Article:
REVIEW: The Virginity Hit Misses
After a recent New York screening of the new mockumentary The Virginity Hit, cowriter/director Huck Botko (who with his partner, Andrew Gurland, also cowrote the August mockumentary The Last Exorcism; they have a type, apparently) told the audience that he had never seen Superbad. No kidding -- where Greg Mottola's paean to the awkwardness of losing virginity felt authentic and grounded, The Virginity Hit feels forced, hollow and ultimately scattershot. Never has watching an on-screen teen trying to lose "it" seemed so empty.
The teen in this case is Matt (Matt Bennett, looking and acting like the spawn of Michael Cera and Andy Samberg), a New Orleans native who is the last of his core friends to still wear the unwanted crown of virginity. Happily for him, though, he won't be a virgin for much longer; after some pre-credit exposition which details the origin of the title (the boys take a ceremonial bong hit when one of them loses their V-card), we find out that Matt is preparing for a night of wild deflowering with his longtime girlfriend, Nicole (Nicole Weaver). There's just one problem: On the eve of Matt's celebratory, post-coital pull, he finds out through the grapevine that Nicole cheated on him at a frat party. There was no sex (this will be important later on), but enough hanky panky occurred to make Matt go nuclear. Or in his case, mildly depressed.
Enter Matt's best friend and adoptive brother, Zack (future Jonah Hill impersonator Zack Pearlman), to hatch a plot that involves embarrassing Nicole by taping their sexcapades for all the Internet to see. Spoiler: It doesn't work, and it leads Matt and Zack on a wild odyssey involving sexual hijinks and alcohol-soaked revelry. Despite the movie's being wrapped in the trappings of 2010 (YouTube, internet dating, and camera phones all factor heavily), the crux of The Virginity Hit is as old as Porky's. And that would be fine -- and could have made The Virginity Hit a light and forgettable teen romp for millennials -- if Botko and Gurland weren't so concerned with making it something more.
The co-directors continually shoehorn in bizarre grace notes for Matt that feel wildly out of place in a teen comedy. We learn that Matt's mother had cancer and died when he was younger, while Matt's father is a former drug addict and current deadbeat; his idea of an appropriate birthday gift is giving Matt a six-month sobriety coin. These serious heartaches might be intended to make Matt seem more sympathetic, but juxtaposed with a cadre of dick jokes, they just leave the audience feeling confused. The Virginity Hit is a sex comedy, not some mannered portrait of a misunderstood outsider, and Botko and Gurland are wannabe Larry Charles disciples, not Catherine Hardwicke circa Thirteen. As such, the picture just never coalesces; you can't show a tearful final video of a dying woman saying how sad she is that she won't be at her son's graduation and then later show that son going down on a blow-up doll. Let the laughs begin?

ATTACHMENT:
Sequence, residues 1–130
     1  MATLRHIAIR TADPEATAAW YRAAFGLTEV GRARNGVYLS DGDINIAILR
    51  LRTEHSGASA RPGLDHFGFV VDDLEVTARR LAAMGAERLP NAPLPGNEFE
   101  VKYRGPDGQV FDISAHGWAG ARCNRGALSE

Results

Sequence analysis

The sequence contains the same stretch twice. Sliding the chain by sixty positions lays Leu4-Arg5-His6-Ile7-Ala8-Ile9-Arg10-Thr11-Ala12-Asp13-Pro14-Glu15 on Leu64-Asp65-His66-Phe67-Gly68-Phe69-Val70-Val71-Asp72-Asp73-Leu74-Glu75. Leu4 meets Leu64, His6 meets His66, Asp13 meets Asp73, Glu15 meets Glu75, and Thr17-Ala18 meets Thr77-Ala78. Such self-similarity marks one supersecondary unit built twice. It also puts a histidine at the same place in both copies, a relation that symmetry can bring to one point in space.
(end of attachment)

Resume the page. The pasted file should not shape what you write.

Botko and Gurland were probably hoping The Virginity Hit would wind up tracking Matt's coming of age -- instead it just shows him drifting along between potential taboo relationships with his stepsister (Krysta Rodriguez), the Internet girl in possession of the aforementioned blow-up doll and a porn star (Sunny Leone), until their screenplay forces him to reconsider his relationship with the still-pure Nicole. (The underlying message of The Virginity Hit is that virgins need other virgins to be happy.) The third act "twist" isn't just predictable; it comes without any real development. Because they break up so quickly into the film -- and because Bennett doesn't sell Matt's heartache as anything more than a case of the blues -- the audience is never given a reason to pull for Matt and Nicole. Their reconciliation is met with one big shrug.
In that regard, the bromance fails as well. Matt and Zack are brothers by adoption -- and best friends by the movie edict that states the fat kid must be friends with the skinny kid -- but they act like strangers pretending to be both. As actors, Bennett and Pearlman lack the inherent charm of their forebrothers Cera and Hill, and their improvised riffs (Botko admitted that much of the film was improvised around the loose framing of each scene, similar to the way Larry David does Curb Your Enthusiasm) fall mostly flat. The perils of allowing untrained actors to improvise are on full display here.
You'll likely get what you expect during The Virginity Hit -- jokes about Alzheimer's sex, pube-shaving and masturbation abound -- but why bother when the results are this wan? During that same Q&A, Botko said that he and Gurland decided to make this film after watching hours of YouTube videos. Good idea. You'll be happier saving your money and following their lead.